The Sun is constantly emitting high-energy particles, especially during solar storms -- on Earth, we're protected from these potentially harmful rays by the magnetic field that surrounds our planet. On Mars, there's not much a field to speak of, so obviously the effects are increasingly detrimental.
"Like the theft of a few coins from a cash register every day, the loss becomes significant over time...We've seen that the atmospheric erosion increases significantly during solar storms, so we think the loss rate was much higher billions of years ago when the sun was young and more active,” Bruce Jakosky, MAVEN principal investigator, said in a previous statement.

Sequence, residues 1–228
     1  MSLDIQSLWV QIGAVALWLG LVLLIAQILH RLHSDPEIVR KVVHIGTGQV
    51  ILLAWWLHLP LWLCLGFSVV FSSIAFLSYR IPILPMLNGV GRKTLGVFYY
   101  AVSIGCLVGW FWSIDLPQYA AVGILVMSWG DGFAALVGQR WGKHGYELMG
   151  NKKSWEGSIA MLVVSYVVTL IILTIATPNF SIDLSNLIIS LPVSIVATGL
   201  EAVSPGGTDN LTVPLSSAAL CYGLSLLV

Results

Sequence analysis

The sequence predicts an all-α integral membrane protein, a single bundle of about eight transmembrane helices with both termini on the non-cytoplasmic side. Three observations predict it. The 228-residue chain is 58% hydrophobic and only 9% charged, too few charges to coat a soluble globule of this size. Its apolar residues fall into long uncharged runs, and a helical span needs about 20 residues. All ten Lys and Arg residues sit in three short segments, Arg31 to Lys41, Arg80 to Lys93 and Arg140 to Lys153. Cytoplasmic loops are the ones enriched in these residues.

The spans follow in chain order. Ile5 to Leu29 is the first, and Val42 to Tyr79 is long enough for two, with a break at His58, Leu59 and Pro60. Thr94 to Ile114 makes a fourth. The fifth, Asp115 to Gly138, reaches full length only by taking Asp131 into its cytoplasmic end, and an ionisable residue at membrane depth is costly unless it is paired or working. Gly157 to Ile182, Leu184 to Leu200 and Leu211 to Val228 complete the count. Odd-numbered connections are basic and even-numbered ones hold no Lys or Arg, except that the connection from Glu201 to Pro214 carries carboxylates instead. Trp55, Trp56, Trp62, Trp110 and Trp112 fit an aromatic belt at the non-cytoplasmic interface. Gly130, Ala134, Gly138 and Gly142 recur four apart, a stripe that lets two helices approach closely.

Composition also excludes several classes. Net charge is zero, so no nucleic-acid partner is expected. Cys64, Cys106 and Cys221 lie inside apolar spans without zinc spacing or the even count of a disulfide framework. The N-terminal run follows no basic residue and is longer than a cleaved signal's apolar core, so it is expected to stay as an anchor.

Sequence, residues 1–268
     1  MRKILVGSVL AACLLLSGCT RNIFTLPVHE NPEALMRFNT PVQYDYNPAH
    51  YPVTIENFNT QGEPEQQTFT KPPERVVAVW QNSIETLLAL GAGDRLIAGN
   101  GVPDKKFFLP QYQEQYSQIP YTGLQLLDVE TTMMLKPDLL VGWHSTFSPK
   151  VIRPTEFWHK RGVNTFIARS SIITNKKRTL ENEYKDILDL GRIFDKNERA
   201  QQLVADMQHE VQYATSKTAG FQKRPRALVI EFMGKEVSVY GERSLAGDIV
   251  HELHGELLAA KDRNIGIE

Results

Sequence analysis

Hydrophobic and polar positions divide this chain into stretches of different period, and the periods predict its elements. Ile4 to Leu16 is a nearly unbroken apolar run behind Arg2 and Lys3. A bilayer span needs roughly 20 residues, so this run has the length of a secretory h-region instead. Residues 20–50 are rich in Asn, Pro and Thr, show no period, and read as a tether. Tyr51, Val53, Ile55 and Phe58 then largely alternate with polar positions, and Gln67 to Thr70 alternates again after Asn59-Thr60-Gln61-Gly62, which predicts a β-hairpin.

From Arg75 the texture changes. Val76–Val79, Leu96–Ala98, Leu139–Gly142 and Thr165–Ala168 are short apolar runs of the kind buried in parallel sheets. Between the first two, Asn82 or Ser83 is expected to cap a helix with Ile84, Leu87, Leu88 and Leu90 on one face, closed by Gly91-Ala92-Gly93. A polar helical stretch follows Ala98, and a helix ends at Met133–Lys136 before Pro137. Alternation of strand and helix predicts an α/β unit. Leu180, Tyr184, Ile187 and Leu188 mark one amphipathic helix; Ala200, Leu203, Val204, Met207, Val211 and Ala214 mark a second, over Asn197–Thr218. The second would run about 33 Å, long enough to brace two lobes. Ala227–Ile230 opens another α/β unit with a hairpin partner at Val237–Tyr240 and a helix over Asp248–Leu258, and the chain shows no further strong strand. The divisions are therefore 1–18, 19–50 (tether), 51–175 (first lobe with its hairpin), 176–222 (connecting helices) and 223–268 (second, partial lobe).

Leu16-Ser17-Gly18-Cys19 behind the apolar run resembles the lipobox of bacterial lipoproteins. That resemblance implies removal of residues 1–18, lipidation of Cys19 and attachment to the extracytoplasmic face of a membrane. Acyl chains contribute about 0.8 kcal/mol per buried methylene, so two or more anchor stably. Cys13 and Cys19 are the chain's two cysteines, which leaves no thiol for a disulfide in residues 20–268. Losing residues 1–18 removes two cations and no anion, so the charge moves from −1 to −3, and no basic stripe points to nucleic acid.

So what does this mean for Earth? Should we be terrified that our own wet and warm planet will follow the same fate as that cold, only slightly wet, red planet? With conditions like these, is it even possible for us to colonize -- or potentially terraform -- Mars? Will we ever be able to go up there and see that space babe and/or endorse her candidacy in the Miss Universe pageant?
It's all still up in the air, as of right now.
Wil Fulton is a Staff Writer for Thrillist. He thinks fortune favors the bold. And also the rich. Follow him @wilfulton
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